Rifkin, Mark. Manifesting America: The Imperial Construction of U.S. National Space. Oxford: Oxford University Press, 2009. 290 pp. Paperback. $26.96.
Mark Rifkin’s Manifesting America is a pathbreaking and discipline-shattering examination of 1810 to 1850s imperial and subaltern rhetoric between U.S. national authorities and marginalized populations such as Amerindians, early Californios, and ethnic Mexicans. Rifkin extrapolates American legal documents such as the 1848 Treaty of Guadalupe-Hidalgo to illustrate how the imperial structure of U.S. jurisdiction over the last two centuries created a “simulation of consent” between marginalized peoples and the state (5). He argues that the ways “internalized populations” appropriated and contested North American geographies in a range of “non-fictional writings” demonstrates how U.S. imperial hegemony became embedded in the very language and society of these peoples (6–7).
Manifesting America is divided into four complementary chapters, each examining the manner in which the government articulated sovereignty and authority over contested lands. The first part deconstructs the rhetoric of the 1830 Indian Removal Act and how the U.S. framed “a certain geopolitical grammar” to justify America’s forced migration of Amerindians, especially Cherokees (49, 57). The second chapter examines the rhetoric of popular American figures like Thomas Jefferson and explains how war and expansion exacerbated the legal “inbetweeness” of Anglos and Amerindians (78). The next section investigates Texan property holdings and draws connections between the political identity and economic privilege of ethnic Mexicans, Comanches and Tejanos. The last chapter inspects Californio land claims with the “reservation-paradigm” that allowed the vehicle of violence to legally place indigenous land in the ownership of Anglos and Californios. Each segment of the book provides the reader with several examples of how American imperial rhetoric placated and abused marginalized peoples, and irrevocably appropriated land into national space.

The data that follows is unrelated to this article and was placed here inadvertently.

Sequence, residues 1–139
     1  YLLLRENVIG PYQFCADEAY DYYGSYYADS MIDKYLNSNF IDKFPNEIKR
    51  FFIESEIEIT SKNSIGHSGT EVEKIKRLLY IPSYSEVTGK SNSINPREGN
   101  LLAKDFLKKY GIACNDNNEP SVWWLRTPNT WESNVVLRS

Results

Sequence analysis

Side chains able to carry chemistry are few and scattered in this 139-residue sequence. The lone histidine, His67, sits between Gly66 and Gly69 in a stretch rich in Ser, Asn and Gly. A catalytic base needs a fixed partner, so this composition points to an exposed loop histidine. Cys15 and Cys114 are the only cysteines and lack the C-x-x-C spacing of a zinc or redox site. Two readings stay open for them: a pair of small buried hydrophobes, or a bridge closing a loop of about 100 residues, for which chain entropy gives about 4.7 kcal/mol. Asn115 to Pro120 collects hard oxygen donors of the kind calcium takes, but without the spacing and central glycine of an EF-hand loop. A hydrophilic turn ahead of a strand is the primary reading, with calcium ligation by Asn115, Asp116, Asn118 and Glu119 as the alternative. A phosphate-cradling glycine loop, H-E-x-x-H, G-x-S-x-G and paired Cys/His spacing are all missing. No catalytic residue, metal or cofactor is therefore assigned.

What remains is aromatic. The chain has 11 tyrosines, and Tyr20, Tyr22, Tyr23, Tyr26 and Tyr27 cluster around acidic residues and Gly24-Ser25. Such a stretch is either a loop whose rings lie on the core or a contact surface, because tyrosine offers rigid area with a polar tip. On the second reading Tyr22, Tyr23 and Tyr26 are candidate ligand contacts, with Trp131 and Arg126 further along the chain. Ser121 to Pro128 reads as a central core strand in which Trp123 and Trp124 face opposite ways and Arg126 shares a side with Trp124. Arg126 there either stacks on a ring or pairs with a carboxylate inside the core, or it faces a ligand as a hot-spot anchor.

Rifkin not only draws on a collage of primary and secondary sources to articulate his thesis, he employs historiography, literary analysis, cultural studies, law, ethnography, and sociology to construct a multi-layered narrative. Each chapter examines various documents – whether pamphlets, national treaties, or laws – through the lenses of race and empire to demonstrate the U.S.’s imposing national supremacy. In addition, Rifkin provides a historiography for each chapter that adds a higher level of contextualization and comprehension for the reader. And so, while Rifkin interrogates the 1848 Treaty of Guadalupe-Hidalgo, he bolsters his analysis with theory and studies by sociologists and historians like Simon Ortiz and Ana Maria Alonso who have analyzed the wide-ranging impact of the treaty.
While Manifesting America details the racial injustice of American imperial policy, it also proposes that imperial policy grew in tandem with the development of cultural identity. The main criticism of the book stems from the vocabulary, which at times becomes somewhat convoluted. If some of the book’s arguments could be simplified, readers outside the academy may find the monograph more accessible. Still, the root ideas and the style in which Rifkin engages sources to craft his argument is nothing short of remarkable.